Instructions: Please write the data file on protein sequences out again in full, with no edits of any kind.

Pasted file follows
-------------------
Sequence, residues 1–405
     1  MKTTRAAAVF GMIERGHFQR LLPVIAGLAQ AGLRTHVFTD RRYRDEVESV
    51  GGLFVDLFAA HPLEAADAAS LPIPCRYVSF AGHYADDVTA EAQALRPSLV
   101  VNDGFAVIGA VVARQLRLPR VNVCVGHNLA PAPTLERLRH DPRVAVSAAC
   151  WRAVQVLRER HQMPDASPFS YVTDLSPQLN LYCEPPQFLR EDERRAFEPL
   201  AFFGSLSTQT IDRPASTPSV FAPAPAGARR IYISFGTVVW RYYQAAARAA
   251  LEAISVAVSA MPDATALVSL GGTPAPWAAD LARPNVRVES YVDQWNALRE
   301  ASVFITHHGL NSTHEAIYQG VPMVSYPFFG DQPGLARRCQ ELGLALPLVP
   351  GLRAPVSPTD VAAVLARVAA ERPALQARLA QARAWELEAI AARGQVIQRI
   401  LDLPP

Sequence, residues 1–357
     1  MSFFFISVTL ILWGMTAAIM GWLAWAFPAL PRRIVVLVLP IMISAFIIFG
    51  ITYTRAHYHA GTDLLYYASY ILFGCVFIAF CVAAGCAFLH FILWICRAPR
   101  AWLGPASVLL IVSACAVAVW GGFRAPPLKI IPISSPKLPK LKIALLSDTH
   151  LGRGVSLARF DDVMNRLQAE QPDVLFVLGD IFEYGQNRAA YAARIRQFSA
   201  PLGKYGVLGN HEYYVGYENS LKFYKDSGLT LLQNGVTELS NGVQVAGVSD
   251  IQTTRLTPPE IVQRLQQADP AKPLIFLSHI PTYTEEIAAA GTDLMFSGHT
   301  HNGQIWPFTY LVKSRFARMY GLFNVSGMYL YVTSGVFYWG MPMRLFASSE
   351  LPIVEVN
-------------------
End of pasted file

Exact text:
Sequence, residues 1–405
     1  MKTTRAAAVF GMIERGHFQR LLPVIAGLAQ AGLRTHVFTD RRYRDEVESV
    51  GGLFVDLFAA HPLEAADAAS LPIPCRYVSF AGHYADDVTA EAQALRPSLV
   101  VNDGFAVIGA VVARQLRLPR VNVCVGHNLA PAPTLERLRH DPRVAVSAAC
   151  WRAVQVLRER HQMPDASPFS YVTDLSPQLN LYCEPPQFLR EDERRAFEPL
   201  AFFGSLSTQT IDRPASTPSV FAPAPAGARR IYISFGTVVW RYYQAAARAA
   251  LEAISVAVSA MPDATALVSL GGTPAPWAAD LARPNVRVES YVDQWNALRE
   301  ASVFITHHGL NSTHEAIYQG VPMVSYPFFG DQPGLARRCQ ELGLALPLVP
   351  GLRAPVSPTD VAAVLARVAA ERPALQARLA QARAWELEAI AARGQVIQRI
   401  LDLPP

Sequence, residues 1–357
     1  MSFFFISVTL ILWGMTAAIM GWLAWAFPAL PRRIVVLVLP IMISAFIIFG
    51  ITYTRAHYHA GTDLLYYASY ILFGCVFIAF CVAAGCAFLH FILWICRAPR
   101  AWLGPASVLL IVSACAVAVW GGFRAPPLKI IPISSPKLPK LKIALLSDTH
   151  LGRGVSLARF DDVMNRLQAE QPDVLFVLGD IFEYGQNRAA YAARIRQFSA
   201  PLGKYGVLGN HEYYVGYENS LKFYKDSGLT LLQNGVTELS NGVQVAGVSD
   251  IQTTRLTPPE IVQRLQQADP AKPLIFLSHI PTYTEEIAAA GTDLMFSGHT
   301  HNGQIWPFTY LVKSRFARMY GLFNVSGMYL YVTSGVFYWG MPMRLFASSE
   351  LPIVEVN